Over the next week, fashion and beauty from the black perspective will be on display in the Twin Cities. The first Black Fashion Week MN kicks off Friday in Minneapolis. Organizers want to provide exposure and new business for designers and stylists who are largely overlooked in an industry historically dominated by white people.
Jacqueline Amissah Addison is headlining the opening fashion show Friday night at the Moxy Hotel. She's gotten some notice in the Twin Cities fashion industry, but thinks she might have to leave the state to grow her 6-year-old business.
"I feel like if you're a designer and you're black you have to work twice as hard to get noticed," she said.
That's why Natalie Morrow organized Black Fashion Week MN. Emerging designers and stylists of color in the Twin Cities struggle for recognition outside the black community, she said.
"I think they are definitely overlooked," she said.
Morrow, owner of a public relations firm, is also the founder of the Twin Cities Black Film Festival. The long-running festival included a fashion night but Morrow said it became so popular she had to create a separate event to spotlight designers.
"There's so much talent here. This fashion week will really give a platform for others in the whole Twin Cities to see these people," she said. "They're here. If you need something, here are some of the people you can go to."
Black Fashion Week MN is part of a growing national trend, Morrow said. In recent years, black fashion weeks have been popping up in major cities, like Chicago and Houston, in response to the lack of representation in mainstream fashion weeks and the fashion industry as a whole.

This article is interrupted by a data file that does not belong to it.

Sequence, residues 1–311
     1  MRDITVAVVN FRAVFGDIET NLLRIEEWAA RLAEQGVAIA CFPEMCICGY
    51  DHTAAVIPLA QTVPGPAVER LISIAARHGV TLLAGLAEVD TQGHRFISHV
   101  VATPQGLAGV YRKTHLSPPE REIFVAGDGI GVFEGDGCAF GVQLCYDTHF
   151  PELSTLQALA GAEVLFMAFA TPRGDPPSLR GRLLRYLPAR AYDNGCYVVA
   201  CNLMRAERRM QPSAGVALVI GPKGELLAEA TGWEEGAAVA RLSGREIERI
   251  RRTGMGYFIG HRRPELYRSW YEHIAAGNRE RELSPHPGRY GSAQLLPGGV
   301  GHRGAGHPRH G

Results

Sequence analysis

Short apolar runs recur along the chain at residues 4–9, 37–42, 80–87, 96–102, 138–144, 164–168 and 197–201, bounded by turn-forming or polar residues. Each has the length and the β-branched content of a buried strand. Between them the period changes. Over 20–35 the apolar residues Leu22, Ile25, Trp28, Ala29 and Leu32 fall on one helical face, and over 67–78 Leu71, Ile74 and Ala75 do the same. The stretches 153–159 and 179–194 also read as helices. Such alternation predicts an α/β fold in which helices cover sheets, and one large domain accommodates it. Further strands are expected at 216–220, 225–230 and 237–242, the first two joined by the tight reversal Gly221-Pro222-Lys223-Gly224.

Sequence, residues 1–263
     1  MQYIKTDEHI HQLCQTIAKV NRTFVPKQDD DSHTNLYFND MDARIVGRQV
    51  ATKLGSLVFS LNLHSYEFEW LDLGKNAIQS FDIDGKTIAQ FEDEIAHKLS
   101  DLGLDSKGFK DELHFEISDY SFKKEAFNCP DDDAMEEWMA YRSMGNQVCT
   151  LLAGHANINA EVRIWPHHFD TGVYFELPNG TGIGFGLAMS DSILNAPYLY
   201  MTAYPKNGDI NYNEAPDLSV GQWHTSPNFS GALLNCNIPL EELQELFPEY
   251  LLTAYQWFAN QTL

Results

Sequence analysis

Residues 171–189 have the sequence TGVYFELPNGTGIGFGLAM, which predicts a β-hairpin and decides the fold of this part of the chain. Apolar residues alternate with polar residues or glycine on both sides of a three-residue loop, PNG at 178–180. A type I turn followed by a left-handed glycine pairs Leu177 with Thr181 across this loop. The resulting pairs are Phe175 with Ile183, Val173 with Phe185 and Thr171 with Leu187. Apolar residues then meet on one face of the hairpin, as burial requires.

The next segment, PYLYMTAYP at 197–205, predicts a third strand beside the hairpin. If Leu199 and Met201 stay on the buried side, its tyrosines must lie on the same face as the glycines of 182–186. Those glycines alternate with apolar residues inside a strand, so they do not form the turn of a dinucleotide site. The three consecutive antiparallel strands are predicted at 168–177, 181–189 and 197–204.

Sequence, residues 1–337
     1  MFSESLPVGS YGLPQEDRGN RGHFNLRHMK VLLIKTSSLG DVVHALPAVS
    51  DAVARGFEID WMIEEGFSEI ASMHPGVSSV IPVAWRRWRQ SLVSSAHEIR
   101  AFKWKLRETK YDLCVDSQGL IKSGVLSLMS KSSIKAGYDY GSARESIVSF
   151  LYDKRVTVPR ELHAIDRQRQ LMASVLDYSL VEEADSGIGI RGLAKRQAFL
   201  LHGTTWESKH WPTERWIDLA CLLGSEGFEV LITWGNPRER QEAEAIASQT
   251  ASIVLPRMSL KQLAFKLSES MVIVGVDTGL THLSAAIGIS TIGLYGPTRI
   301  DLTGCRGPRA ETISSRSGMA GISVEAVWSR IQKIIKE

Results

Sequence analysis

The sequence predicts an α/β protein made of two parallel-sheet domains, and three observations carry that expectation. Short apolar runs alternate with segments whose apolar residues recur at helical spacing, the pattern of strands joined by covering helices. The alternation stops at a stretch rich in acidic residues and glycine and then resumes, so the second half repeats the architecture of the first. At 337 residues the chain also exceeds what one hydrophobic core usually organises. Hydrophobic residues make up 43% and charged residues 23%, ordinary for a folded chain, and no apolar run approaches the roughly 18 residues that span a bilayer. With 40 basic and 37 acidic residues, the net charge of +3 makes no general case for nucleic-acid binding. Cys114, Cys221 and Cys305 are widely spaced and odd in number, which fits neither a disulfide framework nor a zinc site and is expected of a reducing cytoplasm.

"We're just adding to what's happening around the country," she said.
The Minnesota version features three main events — Friday's launch party and show, then a mix of fashion, hairstyles and jewelry Wednesday. It concludes a week from Saturday with a show called the Rasta Wear Fashion Affair, a showcase of Afrocentric designs.
Twenty designers, stylists and retailers will participate in the week, displaying a range of selections, from formal to urban wear, hijabs and dashikis.
Addison's clothing line is called Akua Gabby, and it's influenced by her West African roots. Her collection showing Friday night was made from fabric she bought in Ghana. The pieces include bold princess-style dresses with risque details like sheer bodices — staples of her line of formal wear.
"You have to be confident to wear my pieces," she said. "I want to see the woman walking in my clothes feeling like she is all of that."
North Minneapolis entrepreneur Houston White will show his HWMR line of urban wear Friday as well. White's popular collection is a throwback to the Black Pride movement with tees, sweatshirts and other pieces emblazoned with its Black Excellence logo.
Tickets are available for next week's shows but Friday's launch party's almost sold out. There's also a fall show planned for September.
Addison thinks Black Fashion Week will be a shot in the arm for her and for other black designers.
"This is like a huge platform for us to showcase our work and be what we want to be and help each other out," she said.
Addison has worked around the clock, trying to perfect every detail for the show.
The collection remains unnamed, but she said it will pay homage to the hugely successful "Black Panther" movie, whose costumes were designed by two-time Academy Award nominee Ruth E. Carter.
"You're going to see culture," said Addison. "I want people to come out and see the other side of Africa. It's modern, but you're still going to have traditional takes on it as well."